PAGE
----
Same Sun Here by Silas House and Neela Vaswani is a wonderful novel told in letters, centering around an Indian immigrant girl in New York City and a Kentucky coal miner’s son.  They find strength and perspective by sharing their true selves across the miles, developing a friendship that builds a bridge between their cultures and the miles between them.

 

Meena and River discover that they have a lot in common: fathers forced to work away from home to make ends meet, grandmothers who mean the world to them, and faithful dogs. Yet, their lives are very different as well. As Meena’s family studies for citizenship exams and River’s town faces devastating mountaintop removal, this unlikely pair become pen pals, sharing their innermost thoughts as their friendship deepens. With honesty and humor, the duo defeat cultural misconceptions with genuine friendship.

I haven’t seen the print version of this book but I love that the audio was narrated in two voices, each voice distinctly articulated by these gifted authors. The kids and I laughed out loud and wept quietly as the protagonists shared their stories. As an adult, I loved the format of letters back and forth. This would be a great book to use to talk about the difference in cultures and how people who come to the US do not see it with the same eyes as a native. Additionally, the story is a wonderful reminder that once you get to know them, people who can seem very different have a lot in common.

Letter Writing in Social Studies

The book is wonderful but it does have a political spin. House has a cause. Anyone who is familiar with his work knows that he is strongly campaigning to stop the mining of coal by mountain top removal in Appalachian Kentucky.  As Oregonians now living in California, I was not previously familiar with this and thus the kids and I looked into a little more. As a result of this book, we talked about environmental causes – both locally and globally – that were important to us. We talked about ideas for how we, as individuals, can make a difference.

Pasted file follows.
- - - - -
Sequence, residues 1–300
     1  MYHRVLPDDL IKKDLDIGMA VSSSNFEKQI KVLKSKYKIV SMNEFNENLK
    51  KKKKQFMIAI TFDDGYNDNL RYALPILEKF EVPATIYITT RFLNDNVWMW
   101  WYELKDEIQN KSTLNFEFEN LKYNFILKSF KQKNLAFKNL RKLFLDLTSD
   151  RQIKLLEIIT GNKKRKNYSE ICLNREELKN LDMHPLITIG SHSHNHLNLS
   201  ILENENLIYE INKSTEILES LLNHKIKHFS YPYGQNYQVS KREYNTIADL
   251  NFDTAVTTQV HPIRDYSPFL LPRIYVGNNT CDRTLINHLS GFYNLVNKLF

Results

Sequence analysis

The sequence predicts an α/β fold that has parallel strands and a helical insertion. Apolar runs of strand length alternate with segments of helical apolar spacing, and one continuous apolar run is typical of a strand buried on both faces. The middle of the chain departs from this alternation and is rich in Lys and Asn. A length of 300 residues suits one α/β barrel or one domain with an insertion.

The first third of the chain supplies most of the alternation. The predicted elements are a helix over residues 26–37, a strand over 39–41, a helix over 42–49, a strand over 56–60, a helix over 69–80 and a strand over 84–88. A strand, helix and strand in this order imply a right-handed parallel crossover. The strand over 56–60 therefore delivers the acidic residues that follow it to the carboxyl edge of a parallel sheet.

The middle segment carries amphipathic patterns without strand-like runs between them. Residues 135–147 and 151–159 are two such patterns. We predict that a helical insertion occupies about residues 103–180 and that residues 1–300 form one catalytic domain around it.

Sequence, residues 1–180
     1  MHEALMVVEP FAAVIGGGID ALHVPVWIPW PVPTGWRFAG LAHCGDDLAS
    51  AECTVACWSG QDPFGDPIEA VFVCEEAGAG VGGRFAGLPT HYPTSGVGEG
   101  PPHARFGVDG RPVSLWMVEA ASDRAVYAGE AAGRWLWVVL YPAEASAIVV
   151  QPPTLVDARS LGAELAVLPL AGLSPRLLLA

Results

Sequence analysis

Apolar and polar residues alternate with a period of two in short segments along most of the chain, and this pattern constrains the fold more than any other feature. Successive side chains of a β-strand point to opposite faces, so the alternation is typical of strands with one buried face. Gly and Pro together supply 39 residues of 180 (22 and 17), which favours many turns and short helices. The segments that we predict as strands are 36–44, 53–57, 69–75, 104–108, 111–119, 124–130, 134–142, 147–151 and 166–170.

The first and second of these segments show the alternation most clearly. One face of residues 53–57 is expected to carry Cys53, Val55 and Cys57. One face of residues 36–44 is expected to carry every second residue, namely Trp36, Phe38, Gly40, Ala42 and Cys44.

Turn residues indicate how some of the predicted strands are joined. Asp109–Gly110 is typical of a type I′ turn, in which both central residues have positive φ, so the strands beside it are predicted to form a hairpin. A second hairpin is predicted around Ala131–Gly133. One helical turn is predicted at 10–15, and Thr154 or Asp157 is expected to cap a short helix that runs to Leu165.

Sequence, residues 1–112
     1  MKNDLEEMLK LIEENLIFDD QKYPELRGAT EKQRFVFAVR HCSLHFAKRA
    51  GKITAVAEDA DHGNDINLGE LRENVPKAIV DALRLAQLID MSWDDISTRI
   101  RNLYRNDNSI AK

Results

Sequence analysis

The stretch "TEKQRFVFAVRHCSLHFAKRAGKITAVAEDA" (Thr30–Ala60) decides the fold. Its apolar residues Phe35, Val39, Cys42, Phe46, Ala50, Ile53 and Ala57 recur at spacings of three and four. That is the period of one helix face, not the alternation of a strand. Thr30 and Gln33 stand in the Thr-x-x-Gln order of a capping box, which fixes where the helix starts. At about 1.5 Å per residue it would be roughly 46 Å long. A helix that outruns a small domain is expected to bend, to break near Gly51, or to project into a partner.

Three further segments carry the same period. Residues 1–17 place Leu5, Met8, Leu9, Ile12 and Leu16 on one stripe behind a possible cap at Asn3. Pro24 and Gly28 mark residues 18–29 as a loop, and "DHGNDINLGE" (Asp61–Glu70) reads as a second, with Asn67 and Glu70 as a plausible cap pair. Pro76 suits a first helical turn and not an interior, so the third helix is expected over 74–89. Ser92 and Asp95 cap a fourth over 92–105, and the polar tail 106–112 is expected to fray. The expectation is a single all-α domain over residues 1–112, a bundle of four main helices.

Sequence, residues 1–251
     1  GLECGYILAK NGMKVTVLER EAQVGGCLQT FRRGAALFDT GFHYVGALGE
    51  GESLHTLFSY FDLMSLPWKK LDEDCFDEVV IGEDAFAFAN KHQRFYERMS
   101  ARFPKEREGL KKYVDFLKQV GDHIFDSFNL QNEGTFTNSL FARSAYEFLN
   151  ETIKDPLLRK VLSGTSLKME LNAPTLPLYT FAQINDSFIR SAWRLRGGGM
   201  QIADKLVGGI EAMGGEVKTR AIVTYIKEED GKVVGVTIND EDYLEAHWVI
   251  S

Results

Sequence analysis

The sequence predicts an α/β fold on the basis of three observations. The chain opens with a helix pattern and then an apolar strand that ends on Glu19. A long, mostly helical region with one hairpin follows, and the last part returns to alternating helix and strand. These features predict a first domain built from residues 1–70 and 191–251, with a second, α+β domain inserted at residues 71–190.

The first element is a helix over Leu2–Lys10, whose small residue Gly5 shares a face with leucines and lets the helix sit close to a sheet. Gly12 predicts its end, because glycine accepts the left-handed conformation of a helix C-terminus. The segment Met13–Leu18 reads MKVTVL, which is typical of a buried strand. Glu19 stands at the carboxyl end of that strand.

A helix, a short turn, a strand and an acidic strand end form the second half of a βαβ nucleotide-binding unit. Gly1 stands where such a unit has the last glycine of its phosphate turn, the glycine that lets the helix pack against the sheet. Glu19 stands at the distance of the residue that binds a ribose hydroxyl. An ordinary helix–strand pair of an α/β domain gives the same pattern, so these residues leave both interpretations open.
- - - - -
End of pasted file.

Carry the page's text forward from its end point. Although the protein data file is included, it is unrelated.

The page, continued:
Letter writing, boycotting products (and companies), and protesting were discussed. My kids have had some experience with boycotting.  Since attending their first Roots & Shoots conference a few years ago, they have actively read the ingredients list of products and choose to avoid anything that has Palm Oil.  Additionally, they have learned to recognize brand names and try not to purchase anything by Nestlé. Relatedly, are also beginning to make a more concerned effort to purchase food grown locally.

Same Sun Here encouraged the kids to consider writing letters to companies to request they change their practices, suggesting alternatives to Palm Oil, for example.

STEMLetter Writing in Science

Relatedly, letter writing is also applicable in sciences.  In addition to writing persuasive letters about environmental issues, students should be encouraged to write letters to scientists in fields of interest.  If a child is interested in engineering, for example, seek out an engineer willing to mentor your child.  Better yet – attend conferences, for example, and encourage your child to seek out those relationships themselves.

My daughter recently attended a Women in STEM Conference and personally thanked each presenter.  In doing so, she made a point to ask specific questions and to express what she enjoyed most about her presentation.  She thereafter asked for contact information and is presently working to reach out to each woman scientist she met at the conference.

Letter Writing in Literature

My daughter loves to write stories modeled after her favorite books – Redwall and Warriors.  She engages in these creative writing without prompting from me and will occasionally share excerpts with me.  As a result of listening to Same Sun Here, she recently included a couple of  letters exchanged between two characters in her book.

In the past, I have also encouraged the kids to write letters to their favorite authors.  Jan Brett, Seymour Simon, and Jim Arnosky are wonderful examples of authors who love hearing from their readers.

52 Weeks of Mail

 

52weeksmailWe have always enjoyed writing letters to friends and family.  In the past, we have taken part in the 52 Weeks of Mail challenge but as life tends to do, we have been lead astray and haven’t been very consistent.  This book gave us new inspiration to do so.